sickroomCross1February 23. Today marked the 148th day that Dad had been home from the hospital. He had now been home as many days as he had been hospitalized. A month or so after Dad returned home, I had had a conversation with our friend Adan about what to expect regarding Dad’s recovery time. I had asked if Dad would require one day of recovery for each day of hospitalization, and Adan had said that he thought we might be looking at a 2:1 ratio. Dad wasn’t close to where he was when he entered the hospital some 236 days ago, but I suspected that Adan was correct in his assessment. Because I didn’t want to discourage him, I didn’t want to tell Dad that he was merely at his halfway point to being recovered. He seemed to be pushing himself to resume his former life.

We were all up early—some of us (Dad) earlier than others. Usually, because of the baby monitor resident in the master bedroom, whenever Dad woke up, I also woke up. Last night, after a relatively early night for all of us, I had slept soundly, even through a hard rain and a thunderstorm.

sickroomCross2Mom fixed Dad his typical breakfast of Cream of Wheat and then drove him to dialysis. Fortunately, the rain had stopped before they left. During dialysis, Dad had 1,900 ml of fluid removed. Our routine had started to settle down, which enabled me to put in a full and uninterrupted day of work. During my lunch break, I was able to get out of the house for a walk, which turned out to be a short one because of the cold and windy weather. I’m more of a fair-weather walker.

Mom and Dad were able to take a nap after lunch. When we finished playing cards at 7:30 P.M., the three of us were tired and ready to call it a day. By 8:00 P.M., Mom had administered Dad’s meds, and I was on my way to my room for my nightly call to Stan.

February 24. Dad woke up around 3:00 A.M. and asked if he was still tied up. Mom disconnected him from the Kangaroo pump so that he could use the bathroom. She then told him to go back to sleep, which he did, sleeping until 6:00 A.M.

sickroomCross3Kathleen, the physical therapist, called and said that she would arrive to assess Dad’s progress sometime between 11:00-11:30 A.M. I was looking forward to her approving Dad for another 30 days of physical therapy. When she arrived at 11:15 A.M., she watched Dad walk with his cane and told us that Dad was doing great, so great that she was discharging him from physical therapy. With this announcement, Dad had now been discharged from home care, occupational therapy, swallow therapy, and now physical therapy. For better or worse, we were now truly on our own. Yay?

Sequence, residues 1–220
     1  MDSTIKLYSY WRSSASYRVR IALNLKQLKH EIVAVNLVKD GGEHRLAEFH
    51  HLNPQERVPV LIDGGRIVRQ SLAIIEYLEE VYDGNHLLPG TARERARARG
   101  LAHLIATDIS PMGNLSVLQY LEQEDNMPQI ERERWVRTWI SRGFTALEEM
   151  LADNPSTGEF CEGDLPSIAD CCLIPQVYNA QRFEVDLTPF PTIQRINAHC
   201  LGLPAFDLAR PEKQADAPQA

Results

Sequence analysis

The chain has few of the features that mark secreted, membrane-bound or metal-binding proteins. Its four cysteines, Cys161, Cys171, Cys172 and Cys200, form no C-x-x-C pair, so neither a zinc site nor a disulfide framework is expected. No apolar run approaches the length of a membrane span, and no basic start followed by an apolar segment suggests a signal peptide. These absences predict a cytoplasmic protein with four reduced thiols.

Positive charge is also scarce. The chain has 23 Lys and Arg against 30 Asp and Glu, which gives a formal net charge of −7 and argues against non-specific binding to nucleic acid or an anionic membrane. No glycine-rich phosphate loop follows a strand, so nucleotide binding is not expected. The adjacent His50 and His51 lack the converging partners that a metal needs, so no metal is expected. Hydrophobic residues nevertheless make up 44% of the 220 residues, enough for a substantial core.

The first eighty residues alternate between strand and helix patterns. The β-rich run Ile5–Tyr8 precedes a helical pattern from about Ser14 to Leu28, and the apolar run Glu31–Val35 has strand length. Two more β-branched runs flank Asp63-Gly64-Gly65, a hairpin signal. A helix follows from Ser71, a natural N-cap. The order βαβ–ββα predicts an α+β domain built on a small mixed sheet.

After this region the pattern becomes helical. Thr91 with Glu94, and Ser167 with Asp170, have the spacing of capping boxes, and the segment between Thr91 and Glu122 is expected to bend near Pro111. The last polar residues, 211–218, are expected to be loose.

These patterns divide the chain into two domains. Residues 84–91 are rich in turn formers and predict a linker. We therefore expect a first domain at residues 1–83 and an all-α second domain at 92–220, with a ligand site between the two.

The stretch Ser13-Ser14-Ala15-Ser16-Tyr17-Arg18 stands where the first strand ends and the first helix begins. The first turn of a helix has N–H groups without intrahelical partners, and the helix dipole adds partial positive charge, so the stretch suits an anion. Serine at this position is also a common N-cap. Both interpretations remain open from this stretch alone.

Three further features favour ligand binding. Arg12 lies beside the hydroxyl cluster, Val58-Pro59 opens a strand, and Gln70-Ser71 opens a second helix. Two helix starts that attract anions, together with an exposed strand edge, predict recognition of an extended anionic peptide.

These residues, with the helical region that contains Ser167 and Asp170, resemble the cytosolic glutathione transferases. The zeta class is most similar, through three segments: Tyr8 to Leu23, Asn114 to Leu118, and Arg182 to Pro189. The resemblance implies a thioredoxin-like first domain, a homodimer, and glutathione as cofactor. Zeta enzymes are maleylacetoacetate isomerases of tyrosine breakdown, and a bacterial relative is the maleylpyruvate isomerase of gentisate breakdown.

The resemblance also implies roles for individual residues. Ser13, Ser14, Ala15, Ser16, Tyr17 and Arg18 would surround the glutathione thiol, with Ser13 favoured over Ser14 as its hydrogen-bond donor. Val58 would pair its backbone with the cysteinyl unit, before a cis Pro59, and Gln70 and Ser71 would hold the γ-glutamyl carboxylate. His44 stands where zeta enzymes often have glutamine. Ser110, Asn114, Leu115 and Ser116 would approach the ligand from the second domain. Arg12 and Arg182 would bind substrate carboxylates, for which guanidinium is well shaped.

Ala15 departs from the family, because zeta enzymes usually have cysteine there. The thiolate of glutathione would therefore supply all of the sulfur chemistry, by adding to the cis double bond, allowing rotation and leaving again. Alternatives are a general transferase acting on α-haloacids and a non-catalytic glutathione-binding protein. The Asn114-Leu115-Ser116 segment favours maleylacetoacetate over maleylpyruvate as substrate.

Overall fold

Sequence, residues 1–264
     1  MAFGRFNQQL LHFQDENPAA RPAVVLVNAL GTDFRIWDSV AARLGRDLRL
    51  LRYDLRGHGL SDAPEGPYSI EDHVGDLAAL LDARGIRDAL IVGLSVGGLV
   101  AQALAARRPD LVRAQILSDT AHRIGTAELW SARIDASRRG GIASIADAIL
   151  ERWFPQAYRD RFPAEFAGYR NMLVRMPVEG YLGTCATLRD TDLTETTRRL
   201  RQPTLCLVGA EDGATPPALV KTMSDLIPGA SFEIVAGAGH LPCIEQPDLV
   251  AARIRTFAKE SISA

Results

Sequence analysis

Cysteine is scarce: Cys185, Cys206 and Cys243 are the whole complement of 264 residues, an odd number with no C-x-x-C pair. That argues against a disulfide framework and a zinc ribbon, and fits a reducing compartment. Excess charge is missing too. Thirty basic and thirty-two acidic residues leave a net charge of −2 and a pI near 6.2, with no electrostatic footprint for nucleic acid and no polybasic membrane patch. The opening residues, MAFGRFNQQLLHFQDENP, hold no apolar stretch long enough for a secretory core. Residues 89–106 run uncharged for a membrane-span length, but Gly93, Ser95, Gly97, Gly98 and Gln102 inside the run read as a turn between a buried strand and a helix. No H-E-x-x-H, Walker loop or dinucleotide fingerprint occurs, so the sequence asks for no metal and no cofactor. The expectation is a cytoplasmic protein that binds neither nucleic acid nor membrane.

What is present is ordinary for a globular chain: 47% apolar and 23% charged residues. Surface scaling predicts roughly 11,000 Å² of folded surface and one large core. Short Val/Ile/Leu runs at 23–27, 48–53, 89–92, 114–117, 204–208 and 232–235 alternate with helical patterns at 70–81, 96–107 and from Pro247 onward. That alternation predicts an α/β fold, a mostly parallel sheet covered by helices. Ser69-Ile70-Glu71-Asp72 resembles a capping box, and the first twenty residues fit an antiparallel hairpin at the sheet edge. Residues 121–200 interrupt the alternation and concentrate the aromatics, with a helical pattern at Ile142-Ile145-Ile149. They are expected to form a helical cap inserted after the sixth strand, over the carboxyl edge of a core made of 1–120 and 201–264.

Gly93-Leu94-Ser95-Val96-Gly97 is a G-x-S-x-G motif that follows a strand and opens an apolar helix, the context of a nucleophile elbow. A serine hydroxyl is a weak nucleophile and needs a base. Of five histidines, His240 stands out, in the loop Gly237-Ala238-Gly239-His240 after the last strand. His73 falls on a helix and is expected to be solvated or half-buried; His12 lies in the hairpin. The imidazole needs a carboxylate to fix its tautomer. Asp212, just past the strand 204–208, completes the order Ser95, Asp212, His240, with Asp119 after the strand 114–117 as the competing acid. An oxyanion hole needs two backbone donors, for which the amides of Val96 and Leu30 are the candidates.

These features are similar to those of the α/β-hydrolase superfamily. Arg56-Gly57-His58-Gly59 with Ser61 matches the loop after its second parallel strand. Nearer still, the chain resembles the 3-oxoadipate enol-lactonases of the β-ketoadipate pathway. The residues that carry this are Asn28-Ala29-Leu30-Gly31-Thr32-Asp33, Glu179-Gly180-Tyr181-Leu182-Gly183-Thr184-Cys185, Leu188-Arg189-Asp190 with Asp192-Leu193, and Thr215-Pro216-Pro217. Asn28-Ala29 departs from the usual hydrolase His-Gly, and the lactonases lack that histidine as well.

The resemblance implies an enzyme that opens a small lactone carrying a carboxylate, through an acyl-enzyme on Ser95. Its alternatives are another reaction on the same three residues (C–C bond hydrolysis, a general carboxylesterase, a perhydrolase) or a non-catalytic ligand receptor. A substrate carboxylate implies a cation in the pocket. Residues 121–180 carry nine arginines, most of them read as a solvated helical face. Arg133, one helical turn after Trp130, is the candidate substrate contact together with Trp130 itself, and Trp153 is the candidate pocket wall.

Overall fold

After lunch, Dad and I went grocery shopping at Wal-Mart, and by the time that we returned home, we walked over 15,000 steps for the day. He had his walker with him, but I had him push the cart, which gave him some stability. After we got home and brought in the groceries, he and Mom went back out for more groceries, this time to Sam’s.

Dad did a lot of walking today, probably more than most people, but he still needed to exercise to build his strength and improve his balance, but he would shut down the conversation when I tried to broach the subject with him.

When we were getting Dad ready for bed, I checked his pill box and discovered that he had not received any meds since last night. Until the dispense of meds became second nature for Mom, I would have to keep a more watchful eye on Dad’s meds.

February 25. Today I was more worried about Mom than Dad. With the aides gone, she had more responsibility. I didn’t want to assume all of the work of the aides because I wanted to ensure that Mom could tend to Dad during my periodic trips to Houston. But now, it seemed that the extra work was beginning to take its toll on her, and for the first time, I thought that she looked frail.